Noticed a white spots on your skin from the sun and wondering what they are? Or, more to the point, what can be done about them?
Spending time in the sun can cause changes in the pigment of your skin. You’re probably familiar with hyperpigmentation, like melasma and freckles. But the sun us thought to contribute to concerns where skin stops producing melanin too.
Hypopigmentation looks like white spots on your skin. The experts are still figuring out why exactly it happens. However, here’s what we do know.
What Are These Mysterious White Spots?
There are a couple of different types of white spots that can occur from sun exposure (although, as we mentioned, the exact cause isn’t entirely known).
Sun Spots: Idiopathic Guttate Hypomelanosis (IGH)
That long 3-part name is the medical way to describe the small white spots that often show up around your 40s. Women are more likely to experience these tiny white spots on skin earlier than men.
The name is a mouthful, we know, but it describes what these spots are.
- Idiopathic = unknown cause
- Guttate = teardrop shape
- Hypomelanosis = lighter-coloured skin
They are completely harmless. What causes these small white spots on skin is simply a result of a lack of melanin. Why the skin stops producing melanin is still not 100% certain, but it’s thought to be due to extended sun exposure.
Sun Spots Appearance
These little spots on your skin from the sun can creep up on you slowly and then continue to appear over time. They are really small, somewhere between 2–6mm. The pale smooth spots on your skin can show up on your:
If your loss of pigment in skin looks more like white patches, it could be vitiligo. This skin disorder affects 1% of the world’s population. Like sun spots, vitiligo is the result of depigmented skin. Where you see white patches of skin is where pigment-producing melanocytes have been lost.
Vitiligo white spots on skin may start out small before slowly spreading to cover larger areas. Although, this isn’t always the case.
It can occur anywhere on your body, including your head. Because the hair roots are affected, your hair in these areas can turn grey or white.
You’re more likely to get vitiligo if it runs in your family, but sun exposure can also activate the condition (more on this later). Symptoms are mostly likely to start appearing in your 20s and beyond.
What Causes White Spots on Skin?
What causes the white spots on skin is a lack of melanin, which gives skin its colour and helps protect you from UV rays. Sun exposure is thought to play a role in the appearance of both vitiligo and sun spots.
There is some controversy about IGH, with some saying that it’s simply part of the aging process. Genetics may also be partly responsible, and those with lighter skin are more likely to get sun spots.
Non-segmental vitiligo appears as a symmetrical pattern on the body and is the most common type. It’s thought to be an autoimmune disease, where your body breaks down healthy cells—in this case, the melanocyte skin cell responsible for producing pigment.
Stressful events, skin damage or chemical exposure could also trigger vitiligo.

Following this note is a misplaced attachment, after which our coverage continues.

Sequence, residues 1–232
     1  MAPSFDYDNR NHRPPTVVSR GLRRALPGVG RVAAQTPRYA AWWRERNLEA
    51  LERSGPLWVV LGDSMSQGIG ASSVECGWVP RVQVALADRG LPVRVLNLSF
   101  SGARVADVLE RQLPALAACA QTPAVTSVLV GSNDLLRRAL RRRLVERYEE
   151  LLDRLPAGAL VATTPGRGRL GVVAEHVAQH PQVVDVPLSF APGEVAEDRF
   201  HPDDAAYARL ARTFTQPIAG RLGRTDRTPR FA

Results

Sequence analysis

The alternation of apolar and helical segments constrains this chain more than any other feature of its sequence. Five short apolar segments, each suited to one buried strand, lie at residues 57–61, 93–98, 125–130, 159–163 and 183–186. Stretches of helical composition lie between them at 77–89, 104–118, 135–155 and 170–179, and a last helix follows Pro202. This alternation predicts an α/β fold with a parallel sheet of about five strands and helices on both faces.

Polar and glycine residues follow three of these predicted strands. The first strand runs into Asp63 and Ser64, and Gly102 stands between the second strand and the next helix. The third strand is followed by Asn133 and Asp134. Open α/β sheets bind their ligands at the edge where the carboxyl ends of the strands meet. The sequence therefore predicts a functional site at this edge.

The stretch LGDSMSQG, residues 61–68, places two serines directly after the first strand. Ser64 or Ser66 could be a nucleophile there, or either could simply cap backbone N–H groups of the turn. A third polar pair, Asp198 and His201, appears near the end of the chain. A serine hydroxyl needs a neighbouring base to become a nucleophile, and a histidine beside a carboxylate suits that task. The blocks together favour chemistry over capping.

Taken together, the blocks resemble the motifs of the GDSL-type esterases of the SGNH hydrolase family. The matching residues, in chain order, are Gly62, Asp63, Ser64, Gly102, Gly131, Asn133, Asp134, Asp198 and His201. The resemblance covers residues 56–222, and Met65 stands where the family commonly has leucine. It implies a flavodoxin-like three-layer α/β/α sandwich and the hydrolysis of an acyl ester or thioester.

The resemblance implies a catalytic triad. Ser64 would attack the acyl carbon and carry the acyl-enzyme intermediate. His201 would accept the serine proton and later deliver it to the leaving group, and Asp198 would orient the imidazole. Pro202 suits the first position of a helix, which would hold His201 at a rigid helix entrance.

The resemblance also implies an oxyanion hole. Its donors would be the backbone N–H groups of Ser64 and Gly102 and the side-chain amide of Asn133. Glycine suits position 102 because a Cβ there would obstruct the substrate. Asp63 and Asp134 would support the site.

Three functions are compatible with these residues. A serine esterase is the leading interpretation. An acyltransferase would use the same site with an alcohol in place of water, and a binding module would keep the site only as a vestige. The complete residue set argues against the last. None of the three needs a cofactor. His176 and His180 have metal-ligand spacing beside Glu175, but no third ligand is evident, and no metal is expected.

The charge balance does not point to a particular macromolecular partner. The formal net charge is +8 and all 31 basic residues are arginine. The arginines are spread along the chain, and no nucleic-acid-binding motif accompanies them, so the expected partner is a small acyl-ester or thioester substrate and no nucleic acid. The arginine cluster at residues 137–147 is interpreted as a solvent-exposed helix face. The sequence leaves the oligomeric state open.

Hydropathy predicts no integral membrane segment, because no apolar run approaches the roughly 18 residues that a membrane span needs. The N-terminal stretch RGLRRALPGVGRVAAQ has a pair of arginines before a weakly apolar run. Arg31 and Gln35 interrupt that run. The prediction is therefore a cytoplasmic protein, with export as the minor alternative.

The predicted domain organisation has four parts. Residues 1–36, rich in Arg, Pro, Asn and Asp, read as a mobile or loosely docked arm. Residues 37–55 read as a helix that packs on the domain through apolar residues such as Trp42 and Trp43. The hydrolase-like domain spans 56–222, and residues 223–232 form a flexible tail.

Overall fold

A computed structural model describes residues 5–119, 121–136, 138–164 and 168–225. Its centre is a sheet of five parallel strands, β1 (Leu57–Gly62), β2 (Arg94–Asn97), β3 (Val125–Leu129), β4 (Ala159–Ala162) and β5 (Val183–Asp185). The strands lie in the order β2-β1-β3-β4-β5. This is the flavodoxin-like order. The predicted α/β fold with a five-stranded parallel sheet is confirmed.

Are White Spots Dangerous?
Both IGH and vitiligo are harmless to your physical health. However, as they affect the way your skin looks, they may cause you distress. You can take steps to reduce the physical appearance of the white spots and patches.
However, white spots can also be a sign of something else like vitamin deficiencies or fungal infections, which could require medical attention. If you’re unsure about the white spots on your skin, always consult your physician.
How to Prevent White Spots
Even before you notice any changes in your skin you should be keeping your skin protected from UV rays. If you’ve already started noticing white spots, you could help prevent further damage.
Stay sun safe by:
- Wearing COVER RECOVER™ every day and reapply regularly. Grab a tube of sheer for your body and find the perfect shade to match your complexion.
- Checking your UV rating for your location and staying out of the sun during peak times, usually between 11am–3pm
- Covering up with a wide-brimmed hat, long-sleeved shirts and pants.
- Never deliberately tanning your skin inside or out!
Getting Rid of White Spots from Sun
Retinoid products (RETINAL ACTIVE™ is a must!) can stimulate cell growth and help with hypopigmentation, but for the best results, you should consult with a professional.
Dermapen Treatments for Hypopigmentation
Some traditional therapies for pigmented skin concerns carry the risk of greater pigmentation. But because the needles of a Dermapen 4™ insert cleanly in a vertical up and down motion and don’t use any heat, it’s safe and effective for all skin types.
Dermapen Treatments™ for hypopigmentation work in two ways to reverse the destruction or absence of functional melanocytes:
- The microneedling with the Dermapen 4 stimulates and activates existing melanocytes from surrounding skin and hair follicles, also known as melanocyte migration
- It’s a combination therapy that assists infusion of active drugs into the skin to activate destroyed or damaged melanocytes
Restore Your Even Complexion
If you’re at your wit’s end with white sun spots, your Authorised Treatment Provider can help advise you on the best course of action. Dermapen Treatments combined with the right at-home active skincare routine of Dp Dermaceuticals™ could help restore colour back into your white spots. Book a consultation today.
If you are a professional and wish to learn how to become a DermapenWorld Authorised Treatment Provider, click here.